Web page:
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“The Next Thing In Order”

May 23, 1874


Thomas Nast

“The Next Thing In Order”
 

Federal Government Scandals; Presidential Administration, Ulysses S. Grant; Presidential Cabinet, Secretary of the Treasury; Symbols, Uncle Sam; U.S. Economic Policy, Taxation;
 

No 'People' indexed for this cartoon.
 

No 'Places' indexed for this cartoon.


(The Portrait of the Secretary of the Treasury Is Drawn As Mildly As Possible.)


Cartoonist Thomas Nast depicts William A. Richardson as an ass who is forced by a stern-faced Uncle Sam to resign his position as U.S. Treasury Secretary because of his mishandling of the "Sanborn Contracts."

In 1869, President Ulysses S. Grant appointed George Boutwell as Secretary of the Treasury and Richardson as his Assistant Secretary, and the Treasury Department hired John Sanborn, a wealthy businessman and lobbyist.  Congressman Benjamin Butler, their fellow Massachusetts colleague, encouraged the selection of all three men for their respective positions.  In early 1873, Boutwell resigned after the Massachusetts legislature elected him to the U.S. Senate, and Grant promoted Richardson to the post of Treasury Secretary.  Sanborn had already been named as one of the Treasury Department's special agents authorized by Congressional statute (1872) to collect delinquent taxes.

The tax agents' contracts were sent to Secretary Richardson for approval, which he signed without reading.  The agents usually earned a 10% commission on the tax monies they recovered, but Sanborn's contracts stipulated that he receive a 50% commission.  Given his role in exposing a Whiskey Ring early in the Grant administration, Sanborn's first assignment was to collect back-taxes from 39 distillers.  In his next contracts, the number of tardy taxpayers expanded exponentially to 760 in October 1872, 2000 in the spring of 1873, and 592 in July 1873.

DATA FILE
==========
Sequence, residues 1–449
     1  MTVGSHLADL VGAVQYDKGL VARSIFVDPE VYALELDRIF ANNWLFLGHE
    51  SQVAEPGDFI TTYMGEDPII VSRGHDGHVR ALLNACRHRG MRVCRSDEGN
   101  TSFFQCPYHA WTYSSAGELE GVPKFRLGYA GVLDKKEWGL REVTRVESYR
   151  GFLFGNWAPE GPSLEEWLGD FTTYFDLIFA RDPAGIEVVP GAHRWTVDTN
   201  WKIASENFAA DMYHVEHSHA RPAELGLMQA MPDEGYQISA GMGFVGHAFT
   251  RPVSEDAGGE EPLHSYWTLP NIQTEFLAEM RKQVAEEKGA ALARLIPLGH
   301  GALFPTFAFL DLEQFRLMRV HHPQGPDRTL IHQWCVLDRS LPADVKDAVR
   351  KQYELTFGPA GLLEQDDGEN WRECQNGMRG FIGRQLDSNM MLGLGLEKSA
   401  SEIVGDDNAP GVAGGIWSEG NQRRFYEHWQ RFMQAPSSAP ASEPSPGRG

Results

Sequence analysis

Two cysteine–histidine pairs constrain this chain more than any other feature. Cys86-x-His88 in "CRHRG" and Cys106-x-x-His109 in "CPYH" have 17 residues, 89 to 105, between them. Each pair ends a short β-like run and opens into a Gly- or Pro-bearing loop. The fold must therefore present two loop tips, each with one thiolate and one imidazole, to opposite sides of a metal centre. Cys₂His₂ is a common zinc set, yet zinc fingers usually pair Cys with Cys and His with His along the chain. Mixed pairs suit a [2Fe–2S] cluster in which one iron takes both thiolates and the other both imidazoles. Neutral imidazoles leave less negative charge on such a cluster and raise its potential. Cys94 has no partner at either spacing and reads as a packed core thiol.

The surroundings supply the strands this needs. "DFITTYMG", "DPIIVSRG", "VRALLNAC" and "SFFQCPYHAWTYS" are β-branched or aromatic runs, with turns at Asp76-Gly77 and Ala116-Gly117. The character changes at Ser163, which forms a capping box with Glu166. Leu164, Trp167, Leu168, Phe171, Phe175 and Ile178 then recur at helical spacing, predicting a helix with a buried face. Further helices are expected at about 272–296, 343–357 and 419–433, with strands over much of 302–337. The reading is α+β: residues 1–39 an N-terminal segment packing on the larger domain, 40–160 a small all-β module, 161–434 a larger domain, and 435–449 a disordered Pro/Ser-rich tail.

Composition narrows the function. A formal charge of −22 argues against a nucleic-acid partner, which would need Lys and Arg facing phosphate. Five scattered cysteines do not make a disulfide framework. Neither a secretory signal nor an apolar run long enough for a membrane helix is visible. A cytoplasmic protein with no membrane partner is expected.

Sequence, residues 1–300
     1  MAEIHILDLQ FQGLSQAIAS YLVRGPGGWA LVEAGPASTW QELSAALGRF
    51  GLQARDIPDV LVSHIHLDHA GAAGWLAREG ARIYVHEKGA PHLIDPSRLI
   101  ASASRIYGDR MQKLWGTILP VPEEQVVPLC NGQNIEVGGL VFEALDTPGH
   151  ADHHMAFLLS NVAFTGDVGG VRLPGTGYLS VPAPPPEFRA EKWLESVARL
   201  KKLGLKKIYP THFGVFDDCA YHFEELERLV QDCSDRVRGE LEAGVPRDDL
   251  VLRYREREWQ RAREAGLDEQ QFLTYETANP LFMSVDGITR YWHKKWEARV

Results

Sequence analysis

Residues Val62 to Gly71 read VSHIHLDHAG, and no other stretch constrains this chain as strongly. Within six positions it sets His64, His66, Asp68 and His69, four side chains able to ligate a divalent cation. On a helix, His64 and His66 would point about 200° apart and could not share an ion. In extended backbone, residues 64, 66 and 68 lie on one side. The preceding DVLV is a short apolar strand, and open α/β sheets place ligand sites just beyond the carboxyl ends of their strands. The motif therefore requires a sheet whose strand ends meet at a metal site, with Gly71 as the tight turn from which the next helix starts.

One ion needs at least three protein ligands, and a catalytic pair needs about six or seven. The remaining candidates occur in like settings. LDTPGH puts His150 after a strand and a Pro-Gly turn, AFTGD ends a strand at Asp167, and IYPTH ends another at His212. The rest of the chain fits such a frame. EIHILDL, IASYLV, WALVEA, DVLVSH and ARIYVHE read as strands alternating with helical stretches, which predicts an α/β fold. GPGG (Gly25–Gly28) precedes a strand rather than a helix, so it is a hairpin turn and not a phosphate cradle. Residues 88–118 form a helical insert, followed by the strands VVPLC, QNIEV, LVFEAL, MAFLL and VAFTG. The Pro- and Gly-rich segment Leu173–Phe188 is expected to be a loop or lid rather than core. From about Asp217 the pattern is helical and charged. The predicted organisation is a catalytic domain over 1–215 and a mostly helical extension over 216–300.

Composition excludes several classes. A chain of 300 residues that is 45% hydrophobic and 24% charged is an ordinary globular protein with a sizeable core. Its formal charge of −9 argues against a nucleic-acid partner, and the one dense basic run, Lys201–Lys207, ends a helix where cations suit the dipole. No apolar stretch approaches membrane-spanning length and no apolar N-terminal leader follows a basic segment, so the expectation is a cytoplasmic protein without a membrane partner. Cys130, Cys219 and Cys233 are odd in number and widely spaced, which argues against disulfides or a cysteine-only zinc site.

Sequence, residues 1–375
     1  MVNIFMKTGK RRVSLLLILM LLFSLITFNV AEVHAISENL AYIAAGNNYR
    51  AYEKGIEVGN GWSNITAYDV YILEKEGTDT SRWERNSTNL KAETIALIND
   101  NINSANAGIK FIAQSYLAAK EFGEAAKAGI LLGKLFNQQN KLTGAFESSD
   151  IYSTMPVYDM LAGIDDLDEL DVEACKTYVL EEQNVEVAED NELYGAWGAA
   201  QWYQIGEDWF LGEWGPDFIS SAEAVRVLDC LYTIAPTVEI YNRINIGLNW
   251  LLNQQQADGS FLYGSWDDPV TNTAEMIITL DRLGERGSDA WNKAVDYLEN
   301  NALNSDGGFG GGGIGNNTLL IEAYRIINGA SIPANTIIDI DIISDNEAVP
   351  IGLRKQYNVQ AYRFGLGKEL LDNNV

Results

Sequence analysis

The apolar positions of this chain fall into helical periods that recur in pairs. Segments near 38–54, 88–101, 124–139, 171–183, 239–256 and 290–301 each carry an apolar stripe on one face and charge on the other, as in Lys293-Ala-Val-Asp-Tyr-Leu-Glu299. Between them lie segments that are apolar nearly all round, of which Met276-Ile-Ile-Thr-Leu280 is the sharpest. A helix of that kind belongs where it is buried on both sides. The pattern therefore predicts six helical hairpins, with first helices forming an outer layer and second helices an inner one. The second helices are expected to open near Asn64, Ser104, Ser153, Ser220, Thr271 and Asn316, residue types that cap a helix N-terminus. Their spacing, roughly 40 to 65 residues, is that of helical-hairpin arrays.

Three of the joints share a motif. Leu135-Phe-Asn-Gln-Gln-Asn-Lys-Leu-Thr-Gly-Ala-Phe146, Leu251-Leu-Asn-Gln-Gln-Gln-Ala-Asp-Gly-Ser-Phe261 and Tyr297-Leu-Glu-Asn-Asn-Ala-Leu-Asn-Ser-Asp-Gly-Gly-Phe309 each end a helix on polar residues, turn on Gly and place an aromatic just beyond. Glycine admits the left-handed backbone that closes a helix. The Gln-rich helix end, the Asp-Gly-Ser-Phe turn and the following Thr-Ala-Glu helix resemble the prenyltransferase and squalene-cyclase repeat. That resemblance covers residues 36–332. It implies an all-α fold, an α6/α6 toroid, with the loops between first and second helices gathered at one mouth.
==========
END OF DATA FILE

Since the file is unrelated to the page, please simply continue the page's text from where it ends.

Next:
Furthermore, Sanborn neglected the legal mandate to identify the specific claim and the laws broken in each instance.  In one case, he simply wrote down company names listed in a railroad directory, and in other cases, he collected his commission when he had done little or no work.  Sanborn netted at least $200,000 in less than two years.  His scam was facilitated by other protégés of Congressman Butler, including the Treasury Department's Solicitor, New England's Collector of Internal Revenue, a Treasury Department Special Agent, and others.

In the spring of 1874, the Sanborn Contracts story broke in the press, and the House Ways and Means Committee instigated an investigation into the matter.  The actual process for collecting the delinquent taxes flabbergasted committee members, but they had difficulty finding incriminating evidence against those allegedly involved.  Secretary Richardson denied all knowledge of the scheme, and insisted that he had considered the contacts and related documents to be routine office materials that he could safely ignore.  He admitted that he should have paid closer attention, but the Secretary and other Treasury officials argued that Sanborn had done nothing illegal or unethical.  In Nast's cartoon, Richardson sits upon books labeled "Law," "Contracts," and "Duty," while a paper reading "Internal Revenue Law" is in the wastebasket.  

The Committee's resolution of censure against the Treasury Secretary and his underlings failed in the full House, but public criticism forced Richardson to resign.  Congress repealed the law that allowed the Sanborn Contracts, and approved President Grant's nomination of reformer Benjamin Bristow as the new Treasury Secretary.  President Grant, loyal to a fault, immediately named Richardson to the U.S. Court of Claims, where he became the chief judge in 1885.

Robert C. Kennedy




“The Next Thing In Order”
December 16, 2017







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